The date was May 19, 2014.
That’s when Serge Ibaka’s campaign officially began for next year’s Defensive Player of the Year award.
It was Game 1 of the Western Conference Finals. The Thunder was in San Antonio. Ibaka was back in Oklahoma City.
With a calf injury sidelining its most electric interior defender, the Thunder got lit up. The Spurs scored 67 points in the first half, with 40 of them coming in the paint, before they finished with 122 points and 66 paint points.
The Thunder, with a mere three blocked shots that night, had been exposed.
Game 2 was only marginally better.
Two nights later, with Ibaka still out, San Antonio posted 112 points, with 54 of them coming in the paint.
At that moment, the world gained a newfound appreciation for Serge Ibaka’s impact on the Thunder. In terms of his reputation, Ibaka had benefited from being out in the same strange way that Russell Westbrook finally did through similar misfortune in last year’s postseason.
With that out of the way, the future looks awfully bright for Ibaka. We’re talking possible All-Star appearances, potential Defensive Player of the Year awards.
But for now, Ibaka looks like he’ll simply be one of the biggest bargains in basketball.
The Thunder took a ton of criticism when it signed Ibaka to a four-year, $49 million deal in August 2012. It was a contract that came before one with James Harden was ever consummated, and many fans ultimately lumped Ibaka’s deal into reasons why Harden was traded to Houston.
Two years later, Ibaka’s $12.35 million annual salary over the next three seasons looks like the Thunder got a sweetheart deal for a player who’ll be only 25 next season and already has led the league in total blocks four straight seasons and been named to the NBA’s All-Defensive First Team three years running.
Ibaka made just $350,000 more than Kris Humphries and David West this season. Next season, Ibaka still might not crack the top 40 player salaries.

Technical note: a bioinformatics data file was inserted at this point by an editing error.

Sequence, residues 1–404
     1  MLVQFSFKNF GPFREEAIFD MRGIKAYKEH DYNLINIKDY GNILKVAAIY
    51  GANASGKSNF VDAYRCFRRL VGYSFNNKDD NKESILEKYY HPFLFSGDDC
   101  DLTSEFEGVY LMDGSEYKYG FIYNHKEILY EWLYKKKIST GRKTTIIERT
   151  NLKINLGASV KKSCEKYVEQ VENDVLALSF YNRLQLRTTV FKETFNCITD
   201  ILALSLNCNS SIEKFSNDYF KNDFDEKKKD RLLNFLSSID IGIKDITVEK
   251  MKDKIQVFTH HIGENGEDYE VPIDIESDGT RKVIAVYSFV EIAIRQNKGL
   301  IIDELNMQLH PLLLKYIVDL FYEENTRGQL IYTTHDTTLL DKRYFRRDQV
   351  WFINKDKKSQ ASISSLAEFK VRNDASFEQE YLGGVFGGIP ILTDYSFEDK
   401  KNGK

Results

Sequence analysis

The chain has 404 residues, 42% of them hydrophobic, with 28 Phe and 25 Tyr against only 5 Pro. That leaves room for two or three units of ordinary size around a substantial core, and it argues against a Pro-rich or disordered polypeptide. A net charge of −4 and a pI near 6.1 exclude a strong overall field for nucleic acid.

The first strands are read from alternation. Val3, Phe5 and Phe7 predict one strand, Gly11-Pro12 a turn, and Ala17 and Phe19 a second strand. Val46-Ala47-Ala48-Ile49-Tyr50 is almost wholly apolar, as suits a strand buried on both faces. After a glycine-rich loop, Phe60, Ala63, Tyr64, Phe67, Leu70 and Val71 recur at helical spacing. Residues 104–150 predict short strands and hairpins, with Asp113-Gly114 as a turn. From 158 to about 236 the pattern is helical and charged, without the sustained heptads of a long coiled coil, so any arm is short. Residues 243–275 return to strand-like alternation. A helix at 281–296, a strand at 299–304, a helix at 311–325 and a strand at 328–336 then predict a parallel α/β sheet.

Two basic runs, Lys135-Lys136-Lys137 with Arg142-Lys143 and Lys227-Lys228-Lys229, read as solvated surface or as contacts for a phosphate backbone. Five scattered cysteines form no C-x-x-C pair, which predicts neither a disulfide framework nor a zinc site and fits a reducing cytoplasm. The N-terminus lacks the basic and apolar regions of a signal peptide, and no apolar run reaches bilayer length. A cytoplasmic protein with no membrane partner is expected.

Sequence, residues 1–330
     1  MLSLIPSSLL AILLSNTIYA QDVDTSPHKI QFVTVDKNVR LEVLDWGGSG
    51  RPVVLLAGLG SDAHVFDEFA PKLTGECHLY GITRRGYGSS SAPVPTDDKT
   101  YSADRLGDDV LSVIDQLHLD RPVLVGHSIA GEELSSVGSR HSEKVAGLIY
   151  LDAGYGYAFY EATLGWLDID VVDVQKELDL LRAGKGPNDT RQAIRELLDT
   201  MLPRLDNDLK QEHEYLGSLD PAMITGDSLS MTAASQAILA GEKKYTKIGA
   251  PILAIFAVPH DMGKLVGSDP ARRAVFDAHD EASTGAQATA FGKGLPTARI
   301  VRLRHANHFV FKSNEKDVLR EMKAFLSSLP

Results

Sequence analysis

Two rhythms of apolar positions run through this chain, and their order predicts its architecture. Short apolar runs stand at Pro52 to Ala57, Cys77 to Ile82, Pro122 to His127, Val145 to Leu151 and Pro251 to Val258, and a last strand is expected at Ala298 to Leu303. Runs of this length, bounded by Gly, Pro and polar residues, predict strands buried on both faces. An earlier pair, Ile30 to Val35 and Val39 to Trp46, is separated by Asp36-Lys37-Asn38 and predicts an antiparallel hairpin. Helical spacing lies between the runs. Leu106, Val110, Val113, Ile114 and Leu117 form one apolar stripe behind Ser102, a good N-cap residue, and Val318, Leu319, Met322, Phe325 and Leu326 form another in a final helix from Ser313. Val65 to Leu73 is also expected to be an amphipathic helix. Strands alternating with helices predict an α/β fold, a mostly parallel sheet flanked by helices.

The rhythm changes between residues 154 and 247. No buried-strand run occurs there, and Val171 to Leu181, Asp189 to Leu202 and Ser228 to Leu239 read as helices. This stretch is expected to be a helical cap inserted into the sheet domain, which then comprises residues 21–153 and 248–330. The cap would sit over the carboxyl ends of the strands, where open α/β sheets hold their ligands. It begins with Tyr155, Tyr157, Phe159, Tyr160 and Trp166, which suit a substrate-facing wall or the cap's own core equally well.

Best of all for the Thunder, the deal will get sweeter and sweeter as Ibaka gets better and better.
Ibaka enjoyed a career year this year, averaging 15.1 points, 8.8 rebounds and one assist, all career highs. While his 2.7 blocked shots ranked second in the league, Ibaka began the process of establishing himself as more than just a shot-blocker defensively. He showed consistency guarding his man in the post, and he was much improved defending the pick and roll.
Along the way, Ibaka proved how integral he is to a Thunder defense that has been among the six best in each of the past two seasons.
The first two games of the West Finals, and the ensuing Games 3 and 4 when Ibaka’s return helped the Thunder hold the Spurs to 97 and 92 points, respectively, removed all doubt about what exactly Ibaka means to OKC.
“To know how I am very important to my team on defense, how my teammates need me on defense, it means a lot to me,” Ibaka said. “I’m sure they are going to help me get better, too.”
Ibaka’s steady improvement, as well as his drive and determination, suggest he’s still only scratched the surface of what he can be in this league. He’s finished in the top five in Defensive Player of the Year voting in each of the past three seasons, including a second-place finish in 2011-12 and a third-place finish in 2012-13.
Ibaka is likely to face stiff competition to get over the hump. Big men such as Joakim Noah, Roy Hibbert, DeAndre Jordan, Dwight Howard, Marc Gasol and Anthony Davis figure to be in the running for the award for years to come. Wing players such as LeBron James, Paul George, Tony Allen, Andre Iguodala and Kawhi Leonard will be in play as well.
But Ibaka has earned his place among them all.
If we didn’t believe it before, May 19, 2014 changed our minds forever.